Individuals can seek intellectual comradeship at independent universities and NGOs. However, those are few, and they are preoccupied with larger institutional objectives.  Local initiatives serve collegiality much better. They are more spontaneous, can react more quickly, and move more freely across disciplinary, institutional, and national borders.

MAG should champion the value of local, voluntary associations. It should explicitly define itself as a federation of local initiatives, letting them and their participants know they are not alone. Given the tensions that are certain to continue in the region, MAG is the only regional scholarly association able to maintain serious dialogue and collaboration among humanists within Russia, Ukraine, and Belarus, as well as with their colleagues in other world areas. Just as the ACLS/Carnegie grants program provided a new generation of regional scholars with funds to remain in academia, and successfully brought imaginative new work and new people into scholarly institutions resistant to change, so MAG continues to assure that physical and political barriers to association, collaboration, mutual support, and shared respect can be bridged.

In this regard, the online journal, MOCT, is an important platform of communication and exchange. Indeed, MOCT is more than a bridge – it is a network of bridges, as Yevhen Bystrystky of the International Renaissance Foundation has suggested.

These three recommendations comprise a working definition of “civil society in the academic community”: the will and competence for speaking in the public sphere, the promotion of cooperative research across borders, and the support for informal, voluntary associations. A critical issue for everyone with a stake in the future of the region is whether these vital initiatives can find the support they need to continue. If civil society as such is to survive, it needs the engagement of the humanities community. Our energies and resources should be mustered in its support.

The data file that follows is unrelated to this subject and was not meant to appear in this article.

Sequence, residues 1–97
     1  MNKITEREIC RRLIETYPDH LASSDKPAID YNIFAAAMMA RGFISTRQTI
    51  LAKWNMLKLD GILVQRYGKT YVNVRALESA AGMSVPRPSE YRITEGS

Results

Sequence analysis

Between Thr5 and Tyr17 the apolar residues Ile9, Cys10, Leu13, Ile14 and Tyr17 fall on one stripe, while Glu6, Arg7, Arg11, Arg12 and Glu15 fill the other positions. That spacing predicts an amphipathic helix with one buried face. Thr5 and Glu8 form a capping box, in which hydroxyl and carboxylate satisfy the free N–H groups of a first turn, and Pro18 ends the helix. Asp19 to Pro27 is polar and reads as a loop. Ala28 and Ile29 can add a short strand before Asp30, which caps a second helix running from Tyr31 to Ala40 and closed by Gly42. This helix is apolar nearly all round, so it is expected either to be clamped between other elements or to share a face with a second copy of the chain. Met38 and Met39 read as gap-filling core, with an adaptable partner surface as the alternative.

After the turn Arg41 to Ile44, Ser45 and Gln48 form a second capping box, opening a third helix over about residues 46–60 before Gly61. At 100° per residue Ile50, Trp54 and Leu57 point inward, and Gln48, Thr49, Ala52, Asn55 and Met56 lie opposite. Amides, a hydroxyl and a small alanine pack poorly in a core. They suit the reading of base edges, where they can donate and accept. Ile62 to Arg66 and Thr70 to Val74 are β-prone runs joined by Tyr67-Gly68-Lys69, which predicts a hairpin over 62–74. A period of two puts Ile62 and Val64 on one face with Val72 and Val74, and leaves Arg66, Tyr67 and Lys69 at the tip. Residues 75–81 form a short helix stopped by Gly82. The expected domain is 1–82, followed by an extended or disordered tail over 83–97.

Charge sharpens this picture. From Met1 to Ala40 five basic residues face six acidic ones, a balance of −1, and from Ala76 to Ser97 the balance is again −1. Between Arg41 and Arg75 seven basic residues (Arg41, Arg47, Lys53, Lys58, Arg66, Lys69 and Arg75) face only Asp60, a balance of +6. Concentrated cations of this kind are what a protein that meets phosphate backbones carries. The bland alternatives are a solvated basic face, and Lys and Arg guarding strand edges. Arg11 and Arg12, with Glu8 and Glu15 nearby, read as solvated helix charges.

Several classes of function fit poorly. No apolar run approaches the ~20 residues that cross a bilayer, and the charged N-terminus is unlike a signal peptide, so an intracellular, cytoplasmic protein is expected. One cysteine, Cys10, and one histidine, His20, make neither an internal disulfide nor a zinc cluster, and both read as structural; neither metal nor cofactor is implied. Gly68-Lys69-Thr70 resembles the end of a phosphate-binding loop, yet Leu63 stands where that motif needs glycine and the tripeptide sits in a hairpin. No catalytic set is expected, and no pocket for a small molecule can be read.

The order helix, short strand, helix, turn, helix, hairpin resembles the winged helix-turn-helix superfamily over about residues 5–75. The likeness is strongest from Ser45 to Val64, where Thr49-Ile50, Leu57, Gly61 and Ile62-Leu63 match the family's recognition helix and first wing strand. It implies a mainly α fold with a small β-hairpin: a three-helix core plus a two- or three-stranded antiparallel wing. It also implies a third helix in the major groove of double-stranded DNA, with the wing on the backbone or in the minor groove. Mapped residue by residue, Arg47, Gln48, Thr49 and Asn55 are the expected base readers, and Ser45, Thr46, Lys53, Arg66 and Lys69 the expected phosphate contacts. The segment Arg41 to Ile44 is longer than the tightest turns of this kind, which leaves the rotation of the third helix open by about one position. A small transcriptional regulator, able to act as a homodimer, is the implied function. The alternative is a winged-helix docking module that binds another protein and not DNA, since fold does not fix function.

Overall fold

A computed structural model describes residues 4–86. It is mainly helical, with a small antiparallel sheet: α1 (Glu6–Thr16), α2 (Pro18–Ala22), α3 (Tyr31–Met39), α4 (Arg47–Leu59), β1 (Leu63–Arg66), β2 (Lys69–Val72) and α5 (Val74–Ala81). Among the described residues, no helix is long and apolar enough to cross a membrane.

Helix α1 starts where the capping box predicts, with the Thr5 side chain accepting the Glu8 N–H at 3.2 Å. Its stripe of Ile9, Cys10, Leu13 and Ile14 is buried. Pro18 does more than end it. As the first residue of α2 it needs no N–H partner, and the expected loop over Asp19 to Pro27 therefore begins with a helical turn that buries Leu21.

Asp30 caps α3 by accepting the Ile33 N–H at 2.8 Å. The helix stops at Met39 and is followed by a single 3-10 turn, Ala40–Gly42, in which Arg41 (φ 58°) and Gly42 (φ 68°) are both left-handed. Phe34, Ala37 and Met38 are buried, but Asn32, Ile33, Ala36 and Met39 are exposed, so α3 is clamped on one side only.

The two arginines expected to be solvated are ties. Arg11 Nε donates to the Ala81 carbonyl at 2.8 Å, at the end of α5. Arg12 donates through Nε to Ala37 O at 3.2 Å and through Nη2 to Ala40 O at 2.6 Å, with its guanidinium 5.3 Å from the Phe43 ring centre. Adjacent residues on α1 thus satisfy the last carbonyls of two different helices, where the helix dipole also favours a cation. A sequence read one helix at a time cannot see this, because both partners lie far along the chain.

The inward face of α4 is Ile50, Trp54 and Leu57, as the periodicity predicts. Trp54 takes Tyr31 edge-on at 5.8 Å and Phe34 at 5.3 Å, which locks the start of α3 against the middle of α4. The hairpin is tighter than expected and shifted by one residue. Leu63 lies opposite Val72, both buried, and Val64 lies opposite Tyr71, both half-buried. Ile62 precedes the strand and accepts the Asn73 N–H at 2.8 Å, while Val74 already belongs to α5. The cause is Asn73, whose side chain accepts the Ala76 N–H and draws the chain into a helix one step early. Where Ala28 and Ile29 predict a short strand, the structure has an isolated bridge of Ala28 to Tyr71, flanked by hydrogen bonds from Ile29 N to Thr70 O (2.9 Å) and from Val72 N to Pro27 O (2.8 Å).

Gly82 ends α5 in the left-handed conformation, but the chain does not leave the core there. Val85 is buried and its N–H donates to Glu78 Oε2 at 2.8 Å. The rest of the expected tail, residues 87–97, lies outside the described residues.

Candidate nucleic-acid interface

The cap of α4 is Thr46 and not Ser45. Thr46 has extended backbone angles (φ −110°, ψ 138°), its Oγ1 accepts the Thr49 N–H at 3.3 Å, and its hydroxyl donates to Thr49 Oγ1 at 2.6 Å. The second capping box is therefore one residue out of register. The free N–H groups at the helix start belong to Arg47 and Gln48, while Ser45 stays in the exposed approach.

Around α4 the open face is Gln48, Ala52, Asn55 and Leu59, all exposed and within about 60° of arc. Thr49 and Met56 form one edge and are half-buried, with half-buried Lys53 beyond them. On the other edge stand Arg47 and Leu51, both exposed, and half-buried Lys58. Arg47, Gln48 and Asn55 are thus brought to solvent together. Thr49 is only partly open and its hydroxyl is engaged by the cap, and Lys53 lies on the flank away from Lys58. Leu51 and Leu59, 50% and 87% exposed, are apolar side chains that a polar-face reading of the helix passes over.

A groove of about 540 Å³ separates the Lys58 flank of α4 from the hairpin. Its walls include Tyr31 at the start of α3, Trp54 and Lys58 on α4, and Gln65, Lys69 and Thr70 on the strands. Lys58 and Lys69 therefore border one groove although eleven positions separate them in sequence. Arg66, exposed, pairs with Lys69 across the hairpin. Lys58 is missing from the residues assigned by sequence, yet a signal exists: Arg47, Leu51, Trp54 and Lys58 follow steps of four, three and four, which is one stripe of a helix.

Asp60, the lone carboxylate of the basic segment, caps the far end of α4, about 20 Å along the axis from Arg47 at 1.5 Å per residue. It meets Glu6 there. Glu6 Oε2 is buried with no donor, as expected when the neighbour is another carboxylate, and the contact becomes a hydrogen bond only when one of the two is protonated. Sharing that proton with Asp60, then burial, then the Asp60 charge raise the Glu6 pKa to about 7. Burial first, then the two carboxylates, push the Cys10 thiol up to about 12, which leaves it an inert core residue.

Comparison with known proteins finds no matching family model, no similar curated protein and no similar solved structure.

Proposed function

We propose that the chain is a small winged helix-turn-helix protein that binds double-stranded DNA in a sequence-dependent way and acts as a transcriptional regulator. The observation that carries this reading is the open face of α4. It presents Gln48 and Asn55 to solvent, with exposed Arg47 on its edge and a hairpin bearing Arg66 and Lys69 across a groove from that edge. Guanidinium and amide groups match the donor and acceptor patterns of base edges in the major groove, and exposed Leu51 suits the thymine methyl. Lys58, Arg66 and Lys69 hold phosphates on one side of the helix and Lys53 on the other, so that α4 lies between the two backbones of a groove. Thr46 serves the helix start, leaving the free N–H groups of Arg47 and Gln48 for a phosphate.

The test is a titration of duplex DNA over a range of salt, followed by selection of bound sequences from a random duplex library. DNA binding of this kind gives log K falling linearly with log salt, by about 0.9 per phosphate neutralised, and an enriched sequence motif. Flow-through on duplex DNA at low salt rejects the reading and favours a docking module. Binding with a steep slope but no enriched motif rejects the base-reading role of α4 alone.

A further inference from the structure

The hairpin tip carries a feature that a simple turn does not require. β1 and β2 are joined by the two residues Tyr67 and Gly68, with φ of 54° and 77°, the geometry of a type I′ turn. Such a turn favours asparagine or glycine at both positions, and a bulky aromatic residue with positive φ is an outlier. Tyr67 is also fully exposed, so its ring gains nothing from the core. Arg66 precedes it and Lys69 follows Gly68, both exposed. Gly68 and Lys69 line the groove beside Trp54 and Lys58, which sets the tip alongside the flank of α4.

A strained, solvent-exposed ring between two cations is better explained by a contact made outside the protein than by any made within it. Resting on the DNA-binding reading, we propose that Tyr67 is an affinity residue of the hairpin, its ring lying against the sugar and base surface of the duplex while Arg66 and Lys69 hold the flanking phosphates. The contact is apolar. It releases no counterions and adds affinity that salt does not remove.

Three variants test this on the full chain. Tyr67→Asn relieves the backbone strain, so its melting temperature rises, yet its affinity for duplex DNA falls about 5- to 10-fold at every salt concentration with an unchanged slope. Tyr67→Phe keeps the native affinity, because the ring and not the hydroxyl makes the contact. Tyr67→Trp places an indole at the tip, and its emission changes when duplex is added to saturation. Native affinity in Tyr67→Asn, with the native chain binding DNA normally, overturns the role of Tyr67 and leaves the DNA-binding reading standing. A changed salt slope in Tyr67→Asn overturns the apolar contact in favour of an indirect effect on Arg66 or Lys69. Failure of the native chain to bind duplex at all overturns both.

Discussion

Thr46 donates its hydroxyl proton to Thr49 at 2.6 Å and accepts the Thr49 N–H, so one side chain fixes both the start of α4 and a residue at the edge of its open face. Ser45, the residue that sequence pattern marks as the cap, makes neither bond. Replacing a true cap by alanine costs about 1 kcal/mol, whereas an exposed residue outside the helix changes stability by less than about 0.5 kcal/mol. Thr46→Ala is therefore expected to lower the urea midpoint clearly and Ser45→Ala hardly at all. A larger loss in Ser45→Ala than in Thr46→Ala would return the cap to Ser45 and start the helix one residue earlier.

A prospective joint convention

Prospects for future activity were bolstered by the decision in November 2014 of the ASEEES Board of Directors to partner with MAG in organizing a joint summer convention in Lviv, hosted by the Ukrainian Catholic University and tentatively scheduled for summer 2016. The precise wording of the theme for this mini-convention has not yet been determined, but it will involve the benefit gained by all engaged in scholarship on the region by looking at ourselves through others’ eyes, and at how different scholarly environments affect our perspectives. Judging by the energy generated by the Kyiv forum, we can hope for a robust attendance by scholars from the region, if adequate funding can be obtained.

The success of the Lviv summer convention, and the prospects beyond that of the International Association of Humanists (MAG), are largely in our hands. MAG’s mission and objectives are not threatened by contentious geopolitics. On the contrary, MAG represents the best vehicle for humanistic scholars to address such problems. The prospects of the humanities, both in terms of innovative, independent-minded scholarship, as well as in terms of engaging with the public sphere, depend on our ability to mobilize our energies and resources.

On to Lviv in summer 2016!

 

Andrzej W. Tymowski, IAH-MAG Board Member, Director of International Programs at American Council of Learned Societies.